The Hay Wain at war

Since watching the BBC video on Paul Nash, I’ve started taking some tentative steps into looking at war art other than photography, mostly paintings but with some other media too. I had also hoped to get to a gallery in Brittany whilst I was there that was showing some paintings on WWI from local artists (i.e. Breton ones), I failed in that respect but I do hope to get to the Tate show Conflict, Time, Photography when it’s on… (I have the catalogue on pre-order at least)

Back to the point, I’ve been looking at painted art and recently saw the piece 
Southern England, 1944 – Spitfires attacking Flying Bombs by Thomas Monnington. My first reaction was that the plane was too low, flying below the tree line. But after that, the details of the typical bucolic countryside with cows in the fields started to register before realising that actually, no, this is not quite a view of a traditional English vista  with added warplanes; the cart is abandoned in the river, the farmer and his horses nowhere in sight. The hay wain is, what appears to me, a reference to Constable’s painting of that name, but here the war is showing an effect on the land, one that had not seen any real and direct signs of battle since The Battle of Preston more than 200 years previously (depending on your definition of “battle” of course). This is not the only time that The Hay Wain has made a showing in an image of conflict, with Paul Kennard creating a photomontage of the painting with cruise missiles.

Liz Wells briefly discussed Kennard’s appropriation in her book 
Land Matters; how Constable’s painting became “an icon of the English pastoral. The scene has come to connote Englishness.” (Wells, p21). Kennard’s montage, and also Monnington’s painting for that matter, introduces a threat to that idyll, something to threaten everyday life; total nuclear armageddon or the random death from an indiscriminate and unguided “doodlebug”.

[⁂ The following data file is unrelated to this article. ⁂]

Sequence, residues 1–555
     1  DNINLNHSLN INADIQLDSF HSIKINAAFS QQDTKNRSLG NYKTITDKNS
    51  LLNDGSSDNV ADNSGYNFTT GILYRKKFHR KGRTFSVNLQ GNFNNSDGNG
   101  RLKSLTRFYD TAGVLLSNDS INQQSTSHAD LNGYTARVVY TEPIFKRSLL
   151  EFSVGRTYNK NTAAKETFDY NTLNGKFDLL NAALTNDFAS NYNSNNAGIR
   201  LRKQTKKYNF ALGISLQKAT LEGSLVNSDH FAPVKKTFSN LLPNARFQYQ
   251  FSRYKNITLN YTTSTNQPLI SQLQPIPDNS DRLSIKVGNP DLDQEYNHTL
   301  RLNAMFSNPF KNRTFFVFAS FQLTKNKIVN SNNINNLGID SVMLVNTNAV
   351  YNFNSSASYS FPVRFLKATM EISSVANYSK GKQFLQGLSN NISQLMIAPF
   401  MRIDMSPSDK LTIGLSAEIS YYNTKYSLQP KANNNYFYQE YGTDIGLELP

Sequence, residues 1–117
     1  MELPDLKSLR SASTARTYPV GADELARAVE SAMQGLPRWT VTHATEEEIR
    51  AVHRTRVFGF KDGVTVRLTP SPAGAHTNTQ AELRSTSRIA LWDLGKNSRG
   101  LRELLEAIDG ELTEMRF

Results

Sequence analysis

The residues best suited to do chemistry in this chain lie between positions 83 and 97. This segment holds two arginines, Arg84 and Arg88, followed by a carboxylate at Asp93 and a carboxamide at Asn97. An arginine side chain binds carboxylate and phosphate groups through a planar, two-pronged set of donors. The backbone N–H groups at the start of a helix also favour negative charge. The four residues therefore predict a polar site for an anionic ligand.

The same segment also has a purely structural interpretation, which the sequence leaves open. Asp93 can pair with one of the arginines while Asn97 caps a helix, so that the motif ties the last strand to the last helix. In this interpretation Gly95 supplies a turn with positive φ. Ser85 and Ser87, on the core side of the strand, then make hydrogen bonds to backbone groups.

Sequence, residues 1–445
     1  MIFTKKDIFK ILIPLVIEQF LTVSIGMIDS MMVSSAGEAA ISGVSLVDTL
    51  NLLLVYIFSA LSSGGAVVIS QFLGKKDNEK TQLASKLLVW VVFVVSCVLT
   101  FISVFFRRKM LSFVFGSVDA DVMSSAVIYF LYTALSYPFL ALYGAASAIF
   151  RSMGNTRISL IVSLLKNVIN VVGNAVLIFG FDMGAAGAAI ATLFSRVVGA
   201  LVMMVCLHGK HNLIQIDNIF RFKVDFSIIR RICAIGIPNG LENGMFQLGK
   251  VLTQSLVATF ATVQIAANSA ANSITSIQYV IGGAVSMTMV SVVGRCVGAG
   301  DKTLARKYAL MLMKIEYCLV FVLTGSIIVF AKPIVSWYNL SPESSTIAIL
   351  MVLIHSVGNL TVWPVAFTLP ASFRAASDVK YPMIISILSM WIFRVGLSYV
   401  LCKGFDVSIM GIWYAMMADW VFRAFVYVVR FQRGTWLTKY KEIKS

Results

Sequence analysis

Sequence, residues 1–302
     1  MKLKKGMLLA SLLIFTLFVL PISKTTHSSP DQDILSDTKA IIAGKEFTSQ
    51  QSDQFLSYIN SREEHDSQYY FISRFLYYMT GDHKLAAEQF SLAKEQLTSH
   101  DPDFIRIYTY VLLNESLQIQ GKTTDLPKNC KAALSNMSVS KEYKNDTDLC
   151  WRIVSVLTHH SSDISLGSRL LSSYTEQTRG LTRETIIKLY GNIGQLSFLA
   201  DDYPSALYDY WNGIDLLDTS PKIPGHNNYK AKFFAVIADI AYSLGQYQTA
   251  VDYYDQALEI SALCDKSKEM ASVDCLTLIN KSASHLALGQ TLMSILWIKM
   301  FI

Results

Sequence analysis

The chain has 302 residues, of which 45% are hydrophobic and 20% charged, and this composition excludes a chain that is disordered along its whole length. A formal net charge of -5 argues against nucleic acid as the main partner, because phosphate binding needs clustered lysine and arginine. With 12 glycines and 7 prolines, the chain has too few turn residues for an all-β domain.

The landscape genre will be something I will be coming back to after I’ve finished what I suspect will be a brief dalliance in to appropriation and what has become 
Victory and Some Unholy War.  In fact, I’ve already returned there during my recent trip to France, and I will have to post something from it soon, but first I need to finish to give Victory a bit of a polish from what I concluded Task 1 with, and also bring Some Unholy War to a conclusion during Task 2.

Anyway, here are the three images I’ve been talking about, in chronological order:

John Constable. The Hay Wain. 1821. Oil on canvas. 130.2 x 185.4cm (Source: Wikipedia –
Thomas Monnington. Southern England, 1944 – Spitfires Attacking Flying Bombs. 1944. Oil on canvas. 105.4 x 143.3cm. (Source: IWM
Peter Kennard. Haywain with Cruise Missiles. 1980. Chromolithograph on paper and photographs on paper. 26 x 37.5cm (Source: The Tate –

Wells, L. (2011) 
Land Matters: landscape photography, culture and identity. London. IB Tauris & Co Ltd.

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